Triath wrote: The fact that we have felt we are different and even built civilizations, concrete zoos, according to Desmond Morris, and worked to consciously (or un-consciously) separate ourselves from the natural world, even ironically placing parks at the center of mass metropolitan areas, for our "entertainment."
If we look closely we can see that cities still contain their own ecosystems, and also that they impact and are dependent upon the world's ecosystems. It certainly gives the impression that we are "separate" from the natural world "outside": we don't have to see where our food comes from, where our air comes from, where our energy comes from, and many other resources we use to sustain our lives. Then there's all the waste that flows out of them back to the ecosystems.
I think to prove our "separateness" from nature we'd create more "transcendent" symbols of it, which would decrease our impact and dependence on nature; cities instead concentrate this impact and dependence. Cities aren't transcendent so much as imposing, and as symbols of separateness from nature are merely cosmetic. In practical terms cities are everything but separate from nature. So why not self-contained city "bubbles" or giant space-stations? Wouldn't they be more appropriate expressions of "separateness"?
Personally I think it's important that people realise how much we do
make an impact and depend on this planet. To lose perspective of our real situation is a dangerous hobby.
Triath wrote:Natural religions sees this as man moving away from his origins or his inner connection with Nature, but man has been building masses of stone and metal during our earliest stages of evolution. What if this separation is not a "bad thing" so to speak and man acting on the inner belief that he is different. The fact that humanity can step outside and see the world the way a majority of animals cannot may presuppose he is something different, something else.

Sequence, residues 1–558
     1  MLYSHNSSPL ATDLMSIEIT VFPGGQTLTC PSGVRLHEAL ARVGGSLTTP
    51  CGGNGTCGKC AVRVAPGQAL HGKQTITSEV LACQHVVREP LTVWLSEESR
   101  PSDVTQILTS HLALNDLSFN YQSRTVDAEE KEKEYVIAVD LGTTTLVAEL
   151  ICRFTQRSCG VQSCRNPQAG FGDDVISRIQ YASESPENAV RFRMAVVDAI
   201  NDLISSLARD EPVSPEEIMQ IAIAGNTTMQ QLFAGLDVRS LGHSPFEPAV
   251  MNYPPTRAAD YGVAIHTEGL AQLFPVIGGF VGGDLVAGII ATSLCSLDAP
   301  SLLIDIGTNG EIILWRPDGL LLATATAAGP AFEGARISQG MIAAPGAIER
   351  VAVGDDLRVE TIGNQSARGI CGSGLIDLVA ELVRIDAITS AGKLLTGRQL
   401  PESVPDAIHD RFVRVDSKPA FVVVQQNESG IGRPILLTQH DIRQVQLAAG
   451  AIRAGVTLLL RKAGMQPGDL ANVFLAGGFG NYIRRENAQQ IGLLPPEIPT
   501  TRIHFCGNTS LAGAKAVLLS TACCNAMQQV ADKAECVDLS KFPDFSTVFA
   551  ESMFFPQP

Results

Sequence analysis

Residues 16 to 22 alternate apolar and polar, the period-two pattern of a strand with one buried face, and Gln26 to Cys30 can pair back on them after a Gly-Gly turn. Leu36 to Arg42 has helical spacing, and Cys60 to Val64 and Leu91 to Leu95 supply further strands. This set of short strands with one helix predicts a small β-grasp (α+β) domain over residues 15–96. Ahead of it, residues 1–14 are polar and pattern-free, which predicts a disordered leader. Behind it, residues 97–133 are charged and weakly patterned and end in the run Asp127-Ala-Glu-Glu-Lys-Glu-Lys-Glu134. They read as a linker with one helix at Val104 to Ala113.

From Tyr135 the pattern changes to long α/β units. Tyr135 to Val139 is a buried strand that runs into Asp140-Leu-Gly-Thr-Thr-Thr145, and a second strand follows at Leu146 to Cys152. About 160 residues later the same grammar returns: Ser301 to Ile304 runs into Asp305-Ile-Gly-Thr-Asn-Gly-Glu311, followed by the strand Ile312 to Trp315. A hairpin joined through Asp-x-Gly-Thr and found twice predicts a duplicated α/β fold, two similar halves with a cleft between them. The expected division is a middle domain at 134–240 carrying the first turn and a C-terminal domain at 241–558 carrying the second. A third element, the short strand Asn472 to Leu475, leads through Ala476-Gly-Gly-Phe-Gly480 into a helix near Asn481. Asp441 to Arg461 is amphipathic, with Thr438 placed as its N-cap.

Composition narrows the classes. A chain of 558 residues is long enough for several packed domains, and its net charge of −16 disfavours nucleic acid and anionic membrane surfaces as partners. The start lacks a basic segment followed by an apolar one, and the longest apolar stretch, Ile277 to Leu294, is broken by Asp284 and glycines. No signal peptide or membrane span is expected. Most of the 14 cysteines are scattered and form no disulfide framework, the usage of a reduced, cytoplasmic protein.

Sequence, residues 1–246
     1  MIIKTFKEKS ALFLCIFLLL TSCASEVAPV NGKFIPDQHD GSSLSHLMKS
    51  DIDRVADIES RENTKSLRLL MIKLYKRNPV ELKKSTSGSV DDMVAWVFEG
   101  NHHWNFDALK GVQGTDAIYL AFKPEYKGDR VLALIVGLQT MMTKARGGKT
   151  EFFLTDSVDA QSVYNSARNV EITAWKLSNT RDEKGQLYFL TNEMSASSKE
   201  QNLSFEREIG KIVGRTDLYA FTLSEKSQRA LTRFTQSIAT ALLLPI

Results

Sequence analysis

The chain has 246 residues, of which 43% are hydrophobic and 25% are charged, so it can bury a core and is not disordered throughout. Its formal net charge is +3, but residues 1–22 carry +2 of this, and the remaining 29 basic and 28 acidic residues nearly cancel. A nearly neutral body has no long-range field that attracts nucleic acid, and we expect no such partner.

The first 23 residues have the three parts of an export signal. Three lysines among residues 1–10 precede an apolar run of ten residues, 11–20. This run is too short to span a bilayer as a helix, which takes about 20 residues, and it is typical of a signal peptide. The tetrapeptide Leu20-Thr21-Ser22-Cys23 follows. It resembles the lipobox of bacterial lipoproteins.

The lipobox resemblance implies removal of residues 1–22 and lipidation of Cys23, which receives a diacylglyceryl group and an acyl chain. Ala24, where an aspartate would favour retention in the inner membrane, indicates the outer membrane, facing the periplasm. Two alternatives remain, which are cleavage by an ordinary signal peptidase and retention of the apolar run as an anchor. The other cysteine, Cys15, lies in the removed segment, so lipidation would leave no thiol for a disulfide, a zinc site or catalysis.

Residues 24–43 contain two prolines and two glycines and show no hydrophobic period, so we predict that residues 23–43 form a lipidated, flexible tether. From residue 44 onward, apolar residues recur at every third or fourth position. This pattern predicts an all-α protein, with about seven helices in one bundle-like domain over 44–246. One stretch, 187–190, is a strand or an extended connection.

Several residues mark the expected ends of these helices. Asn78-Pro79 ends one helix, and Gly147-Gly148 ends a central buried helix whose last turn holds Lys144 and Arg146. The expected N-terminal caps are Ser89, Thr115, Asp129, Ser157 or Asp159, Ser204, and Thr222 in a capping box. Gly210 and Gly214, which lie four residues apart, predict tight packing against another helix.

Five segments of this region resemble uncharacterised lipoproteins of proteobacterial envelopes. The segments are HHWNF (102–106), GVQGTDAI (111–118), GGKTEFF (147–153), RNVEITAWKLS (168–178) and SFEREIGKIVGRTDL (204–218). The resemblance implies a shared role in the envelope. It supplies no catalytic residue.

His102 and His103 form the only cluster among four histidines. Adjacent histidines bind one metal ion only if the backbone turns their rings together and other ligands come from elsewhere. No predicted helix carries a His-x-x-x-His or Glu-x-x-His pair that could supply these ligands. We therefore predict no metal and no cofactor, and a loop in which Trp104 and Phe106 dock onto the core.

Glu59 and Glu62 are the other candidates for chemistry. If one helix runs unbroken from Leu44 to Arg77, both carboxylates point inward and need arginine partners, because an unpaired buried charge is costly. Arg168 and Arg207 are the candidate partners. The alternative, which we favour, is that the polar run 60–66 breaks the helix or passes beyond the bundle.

I live and work in a forest, and can say that we don't need to create a separation or distance from nature to be different. The way we manage our environment, whether through farming, through gardening or through nature conservation, even constructing our buildings, is not something common to other species (parallels can be made, but we've taken it to a different degree). We can be right in the midst of wild nature and already we express our "differentness".
On the other hand, I don't think cities have to represent our separateness, they can integrate ecological principles of interdependence and biodiversity, including all the concrete and electric, without losing the integrity of human "differentness".
Isolation of Consciousness is a goal, it is characterized by the word Xeper (Kepher) which means: "I have come into Being."
Yes, I recognise that word. Only a conscious being could make that assertion, lol.
Would you say it resembles in some way Descarte's "I think therefore I am"?
For me Individuation, not isolation, is the goal. I don't separate from the world around me, I work to become a whole unit within myself, distinct from the world around me, not to be confused or "merged" with it, and yet still connected to it in a holistic way.
"Evolution does not isolate us from the rest of the Kosmos, it unites us with the rest of the Kosmos: the same currents that produced birds from dust and poetry from rocks produce egos from ids and sages from egos." Ken Wilber, Integral Psychology
You might be interested in this article of mine: http://thegroveofquotes.wordpress.com/ecopsychology/
And thanks for your links.